Packbot enters Fukushima Daiichi unit 3’s reactor building for the first time since the accident. (Click to enlarge.)
When many of us think of robots, images of Wall-E, Optimus Prime, R2-D2 and other droids from our favorite science-fiction movies come to mind. However, robots have many critical real-life functions, including detecting bombs in war zones and assisting in recovery efforts at disaster areas. More recently, robots have been utilized to clean up the reactors at Tokyo Electric Power Company’s (TEPCO) Fukushima Daiichi nuclear power plant in Japan. These remotely-controlled vehicles have removed debris from the site and measured radioactivity in hazardous zones, all while transmitting video and information back to workers who monitor the data from a safe distance. The robots are master scouts, mapping radiation and taking samples to ensure that conditions are safe for their human colleagues.
Robots were first deployed at Fukushima just weeks after a powerful earthquake and tsunami devastated the northeast coast of Japan and damaged the nuclear energy facility. Massachusetts-based company iRobot deployed four robots to the site, including the lightweight, versatile PackBot 510 and the heavy-duty Warrior 710. These unmanned vehicles were built for the battlefield but modified to navigate and endure the hazardous conditions at the facility. The PackBot came equipped for the mission with the company’s full HazMat kit, which enabled it to measure temperature and detect gamma radiation, explosive gases and toxic chemicals, and feed all of that data to TEPCO controllers in real-time.
Kageharu Oikawa, deputy manager of the mechanical system group in the Fukushima Daiichi Stabilization Center, described the PackBot as an “all-around player whose best attribute is its flexibility.” The machine’s manipulator arm performed a variety of useful tasks, including opening the doors to reactor buildings for the first time since the accident, about one month after the earthquake and tsunami. It also removed debris, absorbed contaminated water using diapers and measured radiation in specific locations.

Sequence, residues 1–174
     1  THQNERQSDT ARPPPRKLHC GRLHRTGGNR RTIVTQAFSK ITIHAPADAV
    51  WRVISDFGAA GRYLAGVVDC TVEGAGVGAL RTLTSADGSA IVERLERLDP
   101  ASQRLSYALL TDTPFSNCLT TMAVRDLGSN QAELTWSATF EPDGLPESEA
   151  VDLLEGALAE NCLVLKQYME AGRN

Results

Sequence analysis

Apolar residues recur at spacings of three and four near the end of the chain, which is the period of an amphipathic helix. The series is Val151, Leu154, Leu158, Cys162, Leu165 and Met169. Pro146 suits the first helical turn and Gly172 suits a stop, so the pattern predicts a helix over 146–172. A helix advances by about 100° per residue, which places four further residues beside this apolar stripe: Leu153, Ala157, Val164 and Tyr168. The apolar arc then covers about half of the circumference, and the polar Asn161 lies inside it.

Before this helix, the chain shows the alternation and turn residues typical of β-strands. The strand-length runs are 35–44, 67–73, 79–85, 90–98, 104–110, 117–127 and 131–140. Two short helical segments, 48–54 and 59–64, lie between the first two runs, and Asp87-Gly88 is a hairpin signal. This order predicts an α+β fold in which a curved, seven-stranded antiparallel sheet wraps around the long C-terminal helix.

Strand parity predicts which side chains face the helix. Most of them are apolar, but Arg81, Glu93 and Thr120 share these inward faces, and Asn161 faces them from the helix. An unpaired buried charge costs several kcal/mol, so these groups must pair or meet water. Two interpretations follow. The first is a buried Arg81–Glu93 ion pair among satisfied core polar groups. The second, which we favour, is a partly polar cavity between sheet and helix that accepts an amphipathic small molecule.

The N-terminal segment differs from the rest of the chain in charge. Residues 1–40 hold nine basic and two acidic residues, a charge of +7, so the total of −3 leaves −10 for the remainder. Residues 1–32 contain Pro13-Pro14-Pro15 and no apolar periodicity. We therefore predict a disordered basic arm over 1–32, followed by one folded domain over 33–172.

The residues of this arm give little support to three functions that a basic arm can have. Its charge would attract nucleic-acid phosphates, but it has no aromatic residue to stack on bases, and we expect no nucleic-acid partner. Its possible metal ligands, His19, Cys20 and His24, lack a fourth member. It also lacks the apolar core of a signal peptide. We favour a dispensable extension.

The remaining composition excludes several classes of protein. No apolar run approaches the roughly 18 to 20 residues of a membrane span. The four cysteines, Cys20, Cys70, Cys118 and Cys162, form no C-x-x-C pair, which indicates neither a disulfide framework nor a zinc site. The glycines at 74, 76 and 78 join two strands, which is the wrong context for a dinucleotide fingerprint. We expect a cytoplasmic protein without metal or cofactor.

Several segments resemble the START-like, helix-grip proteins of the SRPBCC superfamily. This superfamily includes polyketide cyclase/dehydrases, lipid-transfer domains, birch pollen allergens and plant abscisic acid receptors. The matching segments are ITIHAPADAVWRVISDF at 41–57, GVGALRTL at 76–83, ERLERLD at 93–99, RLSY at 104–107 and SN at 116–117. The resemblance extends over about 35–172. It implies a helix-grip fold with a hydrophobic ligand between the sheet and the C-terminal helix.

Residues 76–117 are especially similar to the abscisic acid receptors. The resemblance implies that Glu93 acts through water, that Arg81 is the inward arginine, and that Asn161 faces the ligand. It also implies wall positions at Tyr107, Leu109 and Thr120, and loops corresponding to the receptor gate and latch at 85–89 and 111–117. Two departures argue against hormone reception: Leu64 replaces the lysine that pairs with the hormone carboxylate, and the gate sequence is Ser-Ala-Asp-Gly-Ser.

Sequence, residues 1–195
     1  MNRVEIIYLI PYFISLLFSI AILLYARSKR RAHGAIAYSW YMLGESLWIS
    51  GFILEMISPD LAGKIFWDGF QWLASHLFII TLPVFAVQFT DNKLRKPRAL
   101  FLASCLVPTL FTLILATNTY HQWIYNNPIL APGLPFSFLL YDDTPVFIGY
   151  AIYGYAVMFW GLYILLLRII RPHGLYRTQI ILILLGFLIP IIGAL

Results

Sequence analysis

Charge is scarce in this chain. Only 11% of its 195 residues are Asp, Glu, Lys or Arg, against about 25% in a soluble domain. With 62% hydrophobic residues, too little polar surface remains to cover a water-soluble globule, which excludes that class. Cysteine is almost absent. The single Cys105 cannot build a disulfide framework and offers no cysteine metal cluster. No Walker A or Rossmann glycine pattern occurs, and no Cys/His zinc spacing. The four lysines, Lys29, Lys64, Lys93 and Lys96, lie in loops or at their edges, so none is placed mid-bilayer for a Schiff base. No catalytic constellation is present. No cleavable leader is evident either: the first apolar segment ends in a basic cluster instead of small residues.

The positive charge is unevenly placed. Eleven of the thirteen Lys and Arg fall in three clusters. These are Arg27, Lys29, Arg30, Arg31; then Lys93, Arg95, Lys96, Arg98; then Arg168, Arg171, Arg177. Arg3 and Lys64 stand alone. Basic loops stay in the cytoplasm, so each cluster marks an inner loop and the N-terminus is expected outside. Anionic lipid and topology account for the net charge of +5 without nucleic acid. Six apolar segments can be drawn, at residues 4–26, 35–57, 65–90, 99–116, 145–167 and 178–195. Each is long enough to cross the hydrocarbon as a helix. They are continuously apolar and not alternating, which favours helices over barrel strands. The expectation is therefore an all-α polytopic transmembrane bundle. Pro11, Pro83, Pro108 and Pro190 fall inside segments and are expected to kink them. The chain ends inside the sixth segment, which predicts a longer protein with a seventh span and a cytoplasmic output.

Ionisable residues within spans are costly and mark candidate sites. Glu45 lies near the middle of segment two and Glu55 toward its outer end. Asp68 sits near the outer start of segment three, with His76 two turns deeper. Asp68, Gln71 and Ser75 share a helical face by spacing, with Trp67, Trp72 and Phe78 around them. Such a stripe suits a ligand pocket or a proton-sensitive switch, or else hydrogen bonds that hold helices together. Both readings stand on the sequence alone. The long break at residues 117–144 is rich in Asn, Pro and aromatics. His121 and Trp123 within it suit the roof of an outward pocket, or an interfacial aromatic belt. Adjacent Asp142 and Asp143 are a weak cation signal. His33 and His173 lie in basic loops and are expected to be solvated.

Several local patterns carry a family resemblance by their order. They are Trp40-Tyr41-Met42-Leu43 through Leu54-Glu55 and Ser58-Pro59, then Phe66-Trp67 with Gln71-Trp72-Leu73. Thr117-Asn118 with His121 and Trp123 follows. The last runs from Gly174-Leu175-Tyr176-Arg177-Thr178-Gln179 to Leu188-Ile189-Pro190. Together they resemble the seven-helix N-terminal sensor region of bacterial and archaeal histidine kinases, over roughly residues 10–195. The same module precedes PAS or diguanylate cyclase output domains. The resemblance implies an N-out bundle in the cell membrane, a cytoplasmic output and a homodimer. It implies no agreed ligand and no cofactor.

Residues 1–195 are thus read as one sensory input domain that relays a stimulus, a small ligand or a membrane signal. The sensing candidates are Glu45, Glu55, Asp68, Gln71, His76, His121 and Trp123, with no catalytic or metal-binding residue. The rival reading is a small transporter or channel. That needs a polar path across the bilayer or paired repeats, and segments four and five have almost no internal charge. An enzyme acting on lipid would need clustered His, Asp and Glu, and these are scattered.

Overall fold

“We put a dosimeter on the top of the robot’s arm, enabling us to detect a radiation dose rate at a pin-point location,” said Oikawa.
Once the PackBot entered the reactor buildings and determined that conditions were safe, humans were soon allowed to work inside.
“The information gained from the robots was incredibly useful,” said Oikawa. “They allowed us to eliminate the fear of the unknown.”
The 450-pound Warrior also was used at the site. It has the strength to tow a pickup truck, but is also nimble enough to perform dexterous tasks with its two-meter-long mechanical arm. The Warrior at Fukushima removed large debris in the reactor buildings and cleaned up radioactive material from the floors with a vacuum cleaner and deck brushes attached to its powerful arms.
The North American branch of the global defense technology company QinetiQ also sent robots to Japan, including the TALON, which navigated through the rubble outside the plant to measure radiation levels, the Bobcat, which was used to lift heavy debris, and the 15-inch Dragon Runner, designed for missions in small spaces. According to Shin Yoshino, group manager of TEPCO’s Research and Development Center, the TALON was controlled by operators in shielded vehicles, thus reducing radiation dosages to workers by 60 percent and extending the amount of time they were able to stay at the site.
TEPCO expressed its gratitude for the quick deployment of robots to the site. Oikawa recalled working with technical support from the U.S. Army through Operation Tomodachi, a military unit that provided disaster relief to the Japanese government and people following the earthquake and tsunami.
“At that time, iRobot voluntarily offered robots to TEPCO and I was assigned to take them to Fukushima,” Oikawa said. “The PackBot was the first robot I encountered in my entire life. I can still remember how impressed I was by its sophisticated design and motion. iRobot engineers and their Japanese agents fully supported us during the introduction of robots, and even created a step-by-step instruction video guide for our operators.”